An admitted shoe geek waxes philosophical about running, triathlon, and life in general.
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Thursday, June 30, 2016

Calling AAA...

Whenever I'm on a ride and see a cyclist at the side of the road or trail, I ask if they need anything, if they're okay. The usual response is "I'm fine" or something to that effect. Cyclists can be an independent lot.

My wife and I had returned from a trip to Alaska (a subject for another time), and I had an extra day of vacation. She gave me a hall pass for a long ride.

I was about 2 hours into a 3+ hour ride, along a multi-use rail-trail conversion, when I saw three gentlemen on the side of the trail with an inverted bike. Like men do when confounded by things mechanical, they were circled around the bike, staring, with that "hmph" look. You know the look. Just lift the hood of any car and let the males gather, and observe -- it doesn't matter whether any of them know what's going on under there, they all get the same expression...

Anyway, I gave my usual "You folks okay?" greeting and got a response I'd never heard before -- "NO!"

Okay, to be completely honest, with an almost-three-year-old, that's probably the most-used word in the household. But this is the first time I've gotten that response in this setting.

I stopped and leaned my bike against the bench that was serving as their make-shift tool shelf, and walked around to see what I could do.

"I don't think we've got this right."

What I observed then was something that required some certain amount of talent to accomplish, and I wish I'd taken a picture. It was apparent that the bike in question had suffered a flat on the rear tire, and while they'd gotten the tube replaced appropriately, replacing that wheel into the frame and getting the chain threaded in the proper manner is what vexed them. They had, SOMEhow, managed to get the chain onto the cassette threaded BETWEEN the rear derailleur jockey wheels. WITH the quick release in place.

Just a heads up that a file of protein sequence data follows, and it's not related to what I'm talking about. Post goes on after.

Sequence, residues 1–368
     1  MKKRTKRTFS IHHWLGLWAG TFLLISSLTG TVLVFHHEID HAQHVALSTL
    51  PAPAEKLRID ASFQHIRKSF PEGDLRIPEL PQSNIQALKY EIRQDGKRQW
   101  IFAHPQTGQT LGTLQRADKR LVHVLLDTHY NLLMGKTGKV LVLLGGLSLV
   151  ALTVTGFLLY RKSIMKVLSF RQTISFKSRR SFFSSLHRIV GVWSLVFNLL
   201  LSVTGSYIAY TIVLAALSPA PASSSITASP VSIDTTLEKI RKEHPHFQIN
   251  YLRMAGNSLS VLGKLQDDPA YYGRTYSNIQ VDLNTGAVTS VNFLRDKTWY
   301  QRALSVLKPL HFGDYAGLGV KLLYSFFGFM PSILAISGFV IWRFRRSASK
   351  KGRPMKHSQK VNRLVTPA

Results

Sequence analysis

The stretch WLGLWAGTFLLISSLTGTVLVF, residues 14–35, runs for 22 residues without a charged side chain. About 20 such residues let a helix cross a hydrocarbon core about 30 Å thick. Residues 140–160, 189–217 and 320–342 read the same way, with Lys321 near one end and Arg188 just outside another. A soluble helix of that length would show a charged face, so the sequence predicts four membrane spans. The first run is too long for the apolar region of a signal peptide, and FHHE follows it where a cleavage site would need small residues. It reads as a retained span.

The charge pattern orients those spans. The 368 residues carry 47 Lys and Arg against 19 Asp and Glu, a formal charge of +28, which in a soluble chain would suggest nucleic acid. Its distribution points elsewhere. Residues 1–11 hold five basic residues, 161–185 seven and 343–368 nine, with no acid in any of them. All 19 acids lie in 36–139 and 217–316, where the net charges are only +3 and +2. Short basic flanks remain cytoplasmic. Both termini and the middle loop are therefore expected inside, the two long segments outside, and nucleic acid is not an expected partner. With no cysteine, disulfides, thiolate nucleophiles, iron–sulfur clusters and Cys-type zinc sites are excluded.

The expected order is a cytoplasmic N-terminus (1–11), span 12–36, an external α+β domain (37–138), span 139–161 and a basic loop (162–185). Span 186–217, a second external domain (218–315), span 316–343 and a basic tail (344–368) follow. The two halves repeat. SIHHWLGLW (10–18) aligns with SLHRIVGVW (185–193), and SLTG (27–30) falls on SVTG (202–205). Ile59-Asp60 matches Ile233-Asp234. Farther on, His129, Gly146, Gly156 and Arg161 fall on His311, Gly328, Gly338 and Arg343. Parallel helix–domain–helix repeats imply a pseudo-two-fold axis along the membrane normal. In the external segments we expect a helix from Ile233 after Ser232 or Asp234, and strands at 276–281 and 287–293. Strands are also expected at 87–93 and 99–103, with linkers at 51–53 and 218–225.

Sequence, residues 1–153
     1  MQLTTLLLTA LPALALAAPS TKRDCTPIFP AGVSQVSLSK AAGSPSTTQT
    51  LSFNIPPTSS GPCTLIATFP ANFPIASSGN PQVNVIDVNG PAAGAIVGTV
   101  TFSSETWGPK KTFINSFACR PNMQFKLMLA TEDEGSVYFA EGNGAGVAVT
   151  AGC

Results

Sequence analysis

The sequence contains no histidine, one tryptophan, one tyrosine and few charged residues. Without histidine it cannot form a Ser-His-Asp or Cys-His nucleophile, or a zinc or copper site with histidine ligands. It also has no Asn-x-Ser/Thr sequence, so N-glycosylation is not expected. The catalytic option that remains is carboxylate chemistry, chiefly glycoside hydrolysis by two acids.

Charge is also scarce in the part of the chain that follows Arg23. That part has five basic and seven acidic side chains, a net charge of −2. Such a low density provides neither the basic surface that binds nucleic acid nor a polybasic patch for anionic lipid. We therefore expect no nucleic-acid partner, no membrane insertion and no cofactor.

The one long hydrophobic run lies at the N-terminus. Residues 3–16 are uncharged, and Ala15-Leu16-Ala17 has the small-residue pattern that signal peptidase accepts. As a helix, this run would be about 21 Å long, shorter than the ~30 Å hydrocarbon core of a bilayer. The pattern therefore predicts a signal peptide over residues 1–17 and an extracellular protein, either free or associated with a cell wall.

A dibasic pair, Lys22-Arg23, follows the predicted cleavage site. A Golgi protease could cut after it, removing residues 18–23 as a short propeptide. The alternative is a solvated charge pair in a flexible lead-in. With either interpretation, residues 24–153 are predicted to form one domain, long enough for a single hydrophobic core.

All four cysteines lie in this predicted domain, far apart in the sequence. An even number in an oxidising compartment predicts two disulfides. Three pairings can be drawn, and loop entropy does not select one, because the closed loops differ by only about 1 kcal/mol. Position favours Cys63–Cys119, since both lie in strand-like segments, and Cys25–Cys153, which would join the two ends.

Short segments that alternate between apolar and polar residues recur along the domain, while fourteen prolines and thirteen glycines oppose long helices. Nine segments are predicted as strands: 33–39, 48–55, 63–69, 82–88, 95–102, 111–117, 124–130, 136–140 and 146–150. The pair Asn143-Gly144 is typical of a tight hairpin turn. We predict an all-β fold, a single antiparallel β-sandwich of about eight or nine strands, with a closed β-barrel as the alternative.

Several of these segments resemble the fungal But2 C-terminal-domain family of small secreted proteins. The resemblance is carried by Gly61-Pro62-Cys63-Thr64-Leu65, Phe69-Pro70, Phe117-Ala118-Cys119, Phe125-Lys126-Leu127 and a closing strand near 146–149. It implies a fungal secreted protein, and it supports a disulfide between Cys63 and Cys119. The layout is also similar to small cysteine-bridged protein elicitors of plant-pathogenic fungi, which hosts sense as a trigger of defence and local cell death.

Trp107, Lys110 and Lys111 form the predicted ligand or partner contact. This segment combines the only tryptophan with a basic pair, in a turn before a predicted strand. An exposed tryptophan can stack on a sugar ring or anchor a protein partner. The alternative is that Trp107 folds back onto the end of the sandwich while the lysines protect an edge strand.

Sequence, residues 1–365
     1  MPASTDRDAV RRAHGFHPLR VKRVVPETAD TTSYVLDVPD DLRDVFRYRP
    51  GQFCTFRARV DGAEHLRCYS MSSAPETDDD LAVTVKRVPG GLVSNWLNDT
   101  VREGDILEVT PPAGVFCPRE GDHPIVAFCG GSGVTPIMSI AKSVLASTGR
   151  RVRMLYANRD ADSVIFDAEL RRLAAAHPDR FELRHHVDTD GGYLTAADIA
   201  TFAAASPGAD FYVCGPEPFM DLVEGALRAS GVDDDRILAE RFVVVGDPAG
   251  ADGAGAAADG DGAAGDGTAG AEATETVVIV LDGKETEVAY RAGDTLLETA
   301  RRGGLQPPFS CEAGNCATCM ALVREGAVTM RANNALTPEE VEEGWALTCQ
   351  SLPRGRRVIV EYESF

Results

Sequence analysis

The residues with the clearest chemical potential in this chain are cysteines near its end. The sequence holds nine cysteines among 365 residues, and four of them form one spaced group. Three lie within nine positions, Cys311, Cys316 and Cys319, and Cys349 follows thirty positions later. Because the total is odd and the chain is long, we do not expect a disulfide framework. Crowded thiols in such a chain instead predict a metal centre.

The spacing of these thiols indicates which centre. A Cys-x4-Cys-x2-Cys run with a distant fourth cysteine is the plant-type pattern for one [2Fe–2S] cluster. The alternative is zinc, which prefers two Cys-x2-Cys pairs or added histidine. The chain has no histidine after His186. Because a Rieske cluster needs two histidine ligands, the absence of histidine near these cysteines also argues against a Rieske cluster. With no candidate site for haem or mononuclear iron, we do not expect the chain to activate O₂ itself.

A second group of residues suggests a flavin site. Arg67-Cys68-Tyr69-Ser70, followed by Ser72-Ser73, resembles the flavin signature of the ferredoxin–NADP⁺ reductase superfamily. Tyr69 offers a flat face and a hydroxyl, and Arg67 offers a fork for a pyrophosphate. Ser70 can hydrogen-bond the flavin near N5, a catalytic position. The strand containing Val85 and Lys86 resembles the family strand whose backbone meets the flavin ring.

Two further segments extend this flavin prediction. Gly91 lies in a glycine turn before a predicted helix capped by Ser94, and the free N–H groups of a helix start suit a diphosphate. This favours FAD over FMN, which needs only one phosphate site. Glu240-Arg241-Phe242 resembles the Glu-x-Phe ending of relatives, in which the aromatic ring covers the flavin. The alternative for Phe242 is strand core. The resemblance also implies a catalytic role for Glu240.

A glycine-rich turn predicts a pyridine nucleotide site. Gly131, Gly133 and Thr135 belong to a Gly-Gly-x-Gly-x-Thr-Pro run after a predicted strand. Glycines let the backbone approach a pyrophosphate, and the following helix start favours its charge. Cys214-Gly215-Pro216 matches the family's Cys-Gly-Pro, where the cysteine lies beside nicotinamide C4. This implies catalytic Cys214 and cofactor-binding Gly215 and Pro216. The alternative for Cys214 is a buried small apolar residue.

As I said, I wish I'd taken a picture.

Getting the wheel out was a bit of a chore. I had to remove the quick release and use some considerable force to get it out. After that point, it was an easy, if a bit messy, job of installing the wheel correctly. A spin of the cranks to make sure everything was moving freely, and it was road-worthy again.

One of them offered a handkerchief to wipe my hands of the excess of chain lube with which I'd coated my fingers, but I just wiped them on my shorts ("That's why they're made in black."). They thanked me profusely, to which I replied "No problem."

I grabbed my bike and rode on the rest of my route.

They were actually quite close to correct in threading in the wheel. Without pulling the rear derailleur out of the way when pushing the wheel into place, the logical place for that cog might just appear to be between the jockey wheels. How to physically accomplish that, though, is beyond me.

So check off one more thing from the list of "that's never happened".

I wonder how many other people passed these gentlemen before I stopped to help...

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